Fermentation Performance Improvement
Fermentation is a method for generating enzymes for industrial purposes, which involves microorganisms. These microorganisms are able to produce enzymes externally or internally. Externally produced enzymes can be recovered by methods such as centrifugation. Whereas, internally produced enzymes require more complex downstream processing because the microbial cells must be lysed, then the suspension is processed to extract a concentrated and pure enzyme final product. Bacillus can secrete enzymes externally which is a massive benefit allowing for easier downstream processing.
Typical success criteria for producing enzymes include high enzyme activity, short fermentation time, and minimal side activity (i.e. other types of enzymes being produced). Enzyme activity is a measure of the active enzyme present and is determined by measuring the amount of product formed, or substrate consumed in a reaction at a given time.
There are two ways to produce enzymes microbially: solid state fermentation or submerged fermentation. Solid state fermentation is a process where the metabolites are generated by microorganisms grown on a solid support with nutrients added. Submerged fermentation is performed in bioreactors with liquid media containing nutrients the microorganism can use. Typically solid state fermentations are used for fungi and mold whereas submerged fermentations are ideal for yeast and bacteria such as Bacillus. A challenge for submerged fermentation of Bacillus is that adequate aeration and mixing must be maintained.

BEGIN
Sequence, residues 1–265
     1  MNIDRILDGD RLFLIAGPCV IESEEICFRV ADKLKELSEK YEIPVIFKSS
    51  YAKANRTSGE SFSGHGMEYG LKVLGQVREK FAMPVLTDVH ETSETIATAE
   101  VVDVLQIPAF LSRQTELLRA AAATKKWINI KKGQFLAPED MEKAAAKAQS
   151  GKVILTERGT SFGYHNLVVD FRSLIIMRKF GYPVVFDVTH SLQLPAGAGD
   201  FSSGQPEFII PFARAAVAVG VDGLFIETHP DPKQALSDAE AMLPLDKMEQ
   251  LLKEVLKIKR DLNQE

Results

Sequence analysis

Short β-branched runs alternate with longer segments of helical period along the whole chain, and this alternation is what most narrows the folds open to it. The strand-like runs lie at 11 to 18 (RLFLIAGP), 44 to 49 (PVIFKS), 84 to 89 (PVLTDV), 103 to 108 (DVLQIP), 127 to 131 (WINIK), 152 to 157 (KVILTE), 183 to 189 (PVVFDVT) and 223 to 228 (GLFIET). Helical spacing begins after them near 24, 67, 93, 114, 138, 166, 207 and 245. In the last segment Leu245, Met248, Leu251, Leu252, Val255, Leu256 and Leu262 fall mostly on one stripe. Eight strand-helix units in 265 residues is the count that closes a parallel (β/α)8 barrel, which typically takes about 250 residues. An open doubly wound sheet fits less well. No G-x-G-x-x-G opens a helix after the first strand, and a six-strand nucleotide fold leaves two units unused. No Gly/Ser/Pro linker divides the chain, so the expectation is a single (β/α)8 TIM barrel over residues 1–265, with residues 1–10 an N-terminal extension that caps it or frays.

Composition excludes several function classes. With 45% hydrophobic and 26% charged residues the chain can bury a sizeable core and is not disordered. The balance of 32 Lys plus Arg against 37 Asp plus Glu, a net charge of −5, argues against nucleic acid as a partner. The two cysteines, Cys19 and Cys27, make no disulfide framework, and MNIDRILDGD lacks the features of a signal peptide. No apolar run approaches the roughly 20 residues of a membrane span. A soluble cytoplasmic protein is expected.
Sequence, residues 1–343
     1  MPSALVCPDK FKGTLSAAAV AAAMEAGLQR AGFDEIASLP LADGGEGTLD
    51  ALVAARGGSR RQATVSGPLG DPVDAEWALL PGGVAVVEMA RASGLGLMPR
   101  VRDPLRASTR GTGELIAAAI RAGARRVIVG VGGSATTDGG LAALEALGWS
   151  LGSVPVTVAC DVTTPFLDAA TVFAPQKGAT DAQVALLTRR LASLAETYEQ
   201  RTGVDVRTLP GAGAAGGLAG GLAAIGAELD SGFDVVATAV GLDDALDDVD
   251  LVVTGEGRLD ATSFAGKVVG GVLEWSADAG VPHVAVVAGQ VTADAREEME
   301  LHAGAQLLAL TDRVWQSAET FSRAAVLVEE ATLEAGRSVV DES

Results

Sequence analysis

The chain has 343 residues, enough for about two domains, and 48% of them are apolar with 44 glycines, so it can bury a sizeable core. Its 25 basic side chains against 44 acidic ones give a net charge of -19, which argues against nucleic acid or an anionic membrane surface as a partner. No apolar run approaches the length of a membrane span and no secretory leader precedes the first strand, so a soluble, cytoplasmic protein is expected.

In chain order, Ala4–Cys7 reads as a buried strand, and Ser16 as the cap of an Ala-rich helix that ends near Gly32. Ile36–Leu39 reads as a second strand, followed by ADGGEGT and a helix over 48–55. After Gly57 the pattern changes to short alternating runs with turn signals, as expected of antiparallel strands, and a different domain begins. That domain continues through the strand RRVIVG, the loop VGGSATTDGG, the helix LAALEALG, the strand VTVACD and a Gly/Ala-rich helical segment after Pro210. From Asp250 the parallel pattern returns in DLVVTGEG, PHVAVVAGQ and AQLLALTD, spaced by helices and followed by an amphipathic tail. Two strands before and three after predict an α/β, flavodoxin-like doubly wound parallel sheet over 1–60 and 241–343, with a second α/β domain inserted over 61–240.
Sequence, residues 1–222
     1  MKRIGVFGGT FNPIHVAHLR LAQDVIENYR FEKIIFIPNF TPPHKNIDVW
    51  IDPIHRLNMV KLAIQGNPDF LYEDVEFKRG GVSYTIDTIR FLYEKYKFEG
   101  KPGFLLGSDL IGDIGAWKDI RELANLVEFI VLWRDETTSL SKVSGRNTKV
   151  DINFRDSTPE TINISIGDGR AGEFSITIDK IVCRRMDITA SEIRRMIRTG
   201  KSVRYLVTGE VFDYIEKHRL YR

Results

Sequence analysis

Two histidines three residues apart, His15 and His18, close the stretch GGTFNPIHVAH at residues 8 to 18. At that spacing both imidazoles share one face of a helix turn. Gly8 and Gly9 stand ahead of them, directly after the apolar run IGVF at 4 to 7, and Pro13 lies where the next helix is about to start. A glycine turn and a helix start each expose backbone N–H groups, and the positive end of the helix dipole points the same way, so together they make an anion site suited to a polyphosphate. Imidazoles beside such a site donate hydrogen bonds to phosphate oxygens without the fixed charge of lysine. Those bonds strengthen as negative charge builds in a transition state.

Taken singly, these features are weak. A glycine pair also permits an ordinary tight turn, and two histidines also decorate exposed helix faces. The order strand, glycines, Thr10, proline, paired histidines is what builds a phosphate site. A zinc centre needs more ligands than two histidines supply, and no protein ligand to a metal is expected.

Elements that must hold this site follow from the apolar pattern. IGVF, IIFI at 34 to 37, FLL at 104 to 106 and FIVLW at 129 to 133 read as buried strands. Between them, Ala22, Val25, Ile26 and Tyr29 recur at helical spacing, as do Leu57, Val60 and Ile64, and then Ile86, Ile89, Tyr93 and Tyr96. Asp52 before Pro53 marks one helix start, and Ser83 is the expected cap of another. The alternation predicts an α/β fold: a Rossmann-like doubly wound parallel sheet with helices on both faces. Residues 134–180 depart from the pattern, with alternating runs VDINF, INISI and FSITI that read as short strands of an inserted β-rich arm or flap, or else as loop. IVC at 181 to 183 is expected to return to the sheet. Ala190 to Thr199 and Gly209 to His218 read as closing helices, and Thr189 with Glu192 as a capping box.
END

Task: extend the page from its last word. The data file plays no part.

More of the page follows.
Additionally, providing adequate nutrition for the organism to produce enzymes is necessary. When selecting the components of the growth medium, it is possible to guide the cells towards the production of certain products such as enzymes. Nitrogen source in the fermentation media is an important factor for the production of enzymes. This is because microbes metabolize nitrogen sources to produce peptides and amino acids for enzyme production.
Nitrogen can come in organic and inorganic forms. It has been found that organic sources result in better production of certain enzymes from Bacillus such as proteases. This was further confirmed in our lab where we tested the effect of different nitrogen sources to enzyme activity. Sensient yeast extracts and peptones were used as organic nitrogen sources and ammonium sulfate was used as an inorganic source. Media with organic nitrogen components showed greater enzyme activity than that of media containing inorganic nitrogen as can be seen in Figure 2.
Understanding the optimal conditions for fermentation, performing media optimization studies, and scaling up to production volumes can be resource-intensive and time-consuming tasks. Though a number of variables can impact microbial enzyme production, our experience has shown that selecting the right media mix can have the most significant impact on the fermentation performance. Working with a partner with detailed knowledge of the nutrients and fermentation conditions suitable for each application can accelerate efforts towards achieving your business goals in a relatively short amount of time.